Involving people who are close to you and whose talents you trust can seem like an ideal scenario if you’re starting a company or looking to develop and drive forward an established enterprise of any size.
But the practicalities of engaging in a professional working relationship with close friends or family members can actually end up making your life much more difficult than it otherwise might’ve been as a business boss.
There’s nothing to say that hiring friends or family members is always a misstep but it’s important to think very carefully before taking on someone you love as a business partner or as an employee.
With that in mind, here’s a look at some of the key pros and cons of hiring friends and family.
They could be a great hire
Bringing in good people who are ready and able to make a positive contribution to your business is a crucial aspect of developing any enterprise. So if you are able to hire someone who is a good fit for your company by virtue of having them in your life already then bringing them on board could be a very real advantage for your operation.
You might get them cheap
If you have a family member or a friend who happens to have precisely the skills and experience that you need to add to your business then the appeal in offering them a job is clear enough. And because you already have a close relationship, they might be open to the idea of working for or with you at a rate that works for them and represents great value for your business.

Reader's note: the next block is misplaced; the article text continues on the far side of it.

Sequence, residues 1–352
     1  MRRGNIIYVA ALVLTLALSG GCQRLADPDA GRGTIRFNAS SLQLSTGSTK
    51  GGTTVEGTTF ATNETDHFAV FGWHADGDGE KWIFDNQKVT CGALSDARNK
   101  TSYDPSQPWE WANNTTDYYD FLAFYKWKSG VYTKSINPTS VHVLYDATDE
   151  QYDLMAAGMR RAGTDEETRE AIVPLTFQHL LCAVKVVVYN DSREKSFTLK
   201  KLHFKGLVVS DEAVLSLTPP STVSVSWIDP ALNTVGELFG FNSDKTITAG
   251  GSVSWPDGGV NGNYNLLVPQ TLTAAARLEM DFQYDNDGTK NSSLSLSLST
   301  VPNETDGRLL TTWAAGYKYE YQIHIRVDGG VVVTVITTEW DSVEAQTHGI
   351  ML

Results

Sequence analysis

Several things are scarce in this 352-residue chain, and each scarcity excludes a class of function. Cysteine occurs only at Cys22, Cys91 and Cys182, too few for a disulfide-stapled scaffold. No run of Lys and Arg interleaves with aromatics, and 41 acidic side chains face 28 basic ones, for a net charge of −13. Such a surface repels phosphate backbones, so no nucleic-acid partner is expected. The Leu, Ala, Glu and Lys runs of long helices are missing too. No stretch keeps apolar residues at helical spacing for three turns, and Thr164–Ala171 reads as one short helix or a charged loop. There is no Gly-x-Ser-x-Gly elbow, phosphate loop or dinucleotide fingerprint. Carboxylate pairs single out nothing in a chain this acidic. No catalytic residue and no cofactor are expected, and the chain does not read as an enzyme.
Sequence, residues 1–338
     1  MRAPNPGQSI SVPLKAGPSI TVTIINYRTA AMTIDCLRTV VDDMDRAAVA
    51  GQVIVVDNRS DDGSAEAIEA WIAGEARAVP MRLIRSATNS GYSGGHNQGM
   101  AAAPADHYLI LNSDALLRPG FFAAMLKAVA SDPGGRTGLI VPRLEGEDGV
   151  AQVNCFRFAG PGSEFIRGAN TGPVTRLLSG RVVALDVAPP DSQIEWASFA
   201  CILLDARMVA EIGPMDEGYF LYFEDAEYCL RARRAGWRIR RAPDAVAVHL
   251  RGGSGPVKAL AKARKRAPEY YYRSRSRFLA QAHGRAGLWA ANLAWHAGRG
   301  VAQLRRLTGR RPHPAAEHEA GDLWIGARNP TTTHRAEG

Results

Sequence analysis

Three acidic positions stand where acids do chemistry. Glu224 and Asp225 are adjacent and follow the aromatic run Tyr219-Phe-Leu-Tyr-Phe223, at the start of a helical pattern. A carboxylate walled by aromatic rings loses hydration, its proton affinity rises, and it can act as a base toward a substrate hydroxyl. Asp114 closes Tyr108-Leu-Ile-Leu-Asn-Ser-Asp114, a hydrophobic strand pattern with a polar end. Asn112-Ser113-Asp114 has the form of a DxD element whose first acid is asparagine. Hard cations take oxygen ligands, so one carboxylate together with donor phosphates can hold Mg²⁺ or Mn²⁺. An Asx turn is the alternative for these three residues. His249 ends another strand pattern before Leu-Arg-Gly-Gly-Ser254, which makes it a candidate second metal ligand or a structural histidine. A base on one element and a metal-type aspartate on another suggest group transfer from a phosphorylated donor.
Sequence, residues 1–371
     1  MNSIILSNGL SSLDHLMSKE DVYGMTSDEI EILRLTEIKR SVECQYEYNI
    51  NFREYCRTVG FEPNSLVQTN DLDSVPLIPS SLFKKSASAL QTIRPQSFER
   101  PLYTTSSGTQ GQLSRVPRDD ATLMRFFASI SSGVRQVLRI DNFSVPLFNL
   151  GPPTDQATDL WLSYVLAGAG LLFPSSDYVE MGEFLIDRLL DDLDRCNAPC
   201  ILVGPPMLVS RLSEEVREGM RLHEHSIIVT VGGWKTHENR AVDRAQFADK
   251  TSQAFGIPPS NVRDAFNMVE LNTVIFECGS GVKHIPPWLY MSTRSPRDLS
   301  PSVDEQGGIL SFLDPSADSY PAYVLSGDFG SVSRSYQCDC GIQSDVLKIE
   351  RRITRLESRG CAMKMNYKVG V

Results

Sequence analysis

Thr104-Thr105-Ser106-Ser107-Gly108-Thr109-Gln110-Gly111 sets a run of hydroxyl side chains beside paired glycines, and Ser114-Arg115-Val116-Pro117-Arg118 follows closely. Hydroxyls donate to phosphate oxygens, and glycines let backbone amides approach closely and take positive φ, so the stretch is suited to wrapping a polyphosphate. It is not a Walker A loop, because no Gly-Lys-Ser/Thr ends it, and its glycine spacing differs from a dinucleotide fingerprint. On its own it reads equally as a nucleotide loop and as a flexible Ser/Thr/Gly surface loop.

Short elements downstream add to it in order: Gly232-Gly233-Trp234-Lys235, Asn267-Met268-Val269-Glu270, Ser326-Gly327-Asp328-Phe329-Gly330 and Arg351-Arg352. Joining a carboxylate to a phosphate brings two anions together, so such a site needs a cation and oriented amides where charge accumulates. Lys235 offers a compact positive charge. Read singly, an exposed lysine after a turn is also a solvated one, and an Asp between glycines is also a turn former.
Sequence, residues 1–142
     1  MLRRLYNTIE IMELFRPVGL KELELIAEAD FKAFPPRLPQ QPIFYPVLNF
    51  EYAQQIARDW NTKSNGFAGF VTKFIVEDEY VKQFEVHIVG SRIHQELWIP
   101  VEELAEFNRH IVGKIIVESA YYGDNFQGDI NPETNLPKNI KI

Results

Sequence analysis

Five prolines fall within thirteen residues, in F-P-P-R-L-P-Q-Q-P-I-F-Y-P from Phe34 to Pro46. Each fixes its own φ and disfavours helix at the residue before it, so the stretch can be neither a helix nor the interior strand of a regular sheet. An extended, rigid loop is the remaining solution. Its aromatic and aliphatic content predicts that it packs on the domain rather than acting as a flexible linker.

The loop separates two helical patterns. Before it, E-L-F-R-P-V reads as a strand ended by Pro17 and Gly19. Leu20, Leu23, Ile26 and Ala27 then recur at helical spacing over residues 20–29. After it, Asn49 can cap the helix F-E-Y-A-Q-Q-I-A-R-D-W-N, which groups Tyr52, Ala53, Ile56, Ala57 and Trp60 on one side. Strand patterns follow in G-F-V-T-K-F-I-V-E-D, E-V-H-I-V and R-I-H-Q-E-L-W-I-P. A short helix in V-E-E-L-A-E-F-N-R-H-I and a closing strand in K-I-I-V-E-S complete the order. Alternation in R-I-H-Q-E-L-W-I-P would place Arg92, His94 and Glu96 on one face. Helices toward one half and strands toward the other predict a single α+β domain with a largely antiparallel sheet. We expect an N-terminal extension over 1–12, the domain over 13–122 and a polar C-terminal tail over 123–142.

For small businesses and start-ups in particular, it’s very important that colleagues and co-workers are able to maintain good communications between one another and with their bosses as consistently as possible. Therefore, bringing in someone who you know very well and who you are certain you can communicate easily with can be a considerable benefit.
Commitment to the cause
Making sure that anyone who comes into your business has relevant skills, experience and aptitudes is obviously of paramount importance for managers in any enterprise context. But hiring people who have a commitment to working hard and perhaps going the extra mile can also be extremely valuable.
There are of course no guarantees that a close friend or a family member will demonstrate real commitment to the cause as a part of your workforce but the bonds you already have in place could be enough to keep them motivated when times get tough or when extra efforts are required.
A healthy sense of optimism can stand any business boss in good stead and can be particularly essential during difficult moments. However, it is very important not to succumb to the curse of wishful thinking when it comes to the crucial process of hiring new members to your workforce.
So if you’re considering the possibility of bringing a family member or a close friend into your business on a permanent basis then all issues ought to be taken into account, which means giving an honest assessment of their potential failings as well as their attributes.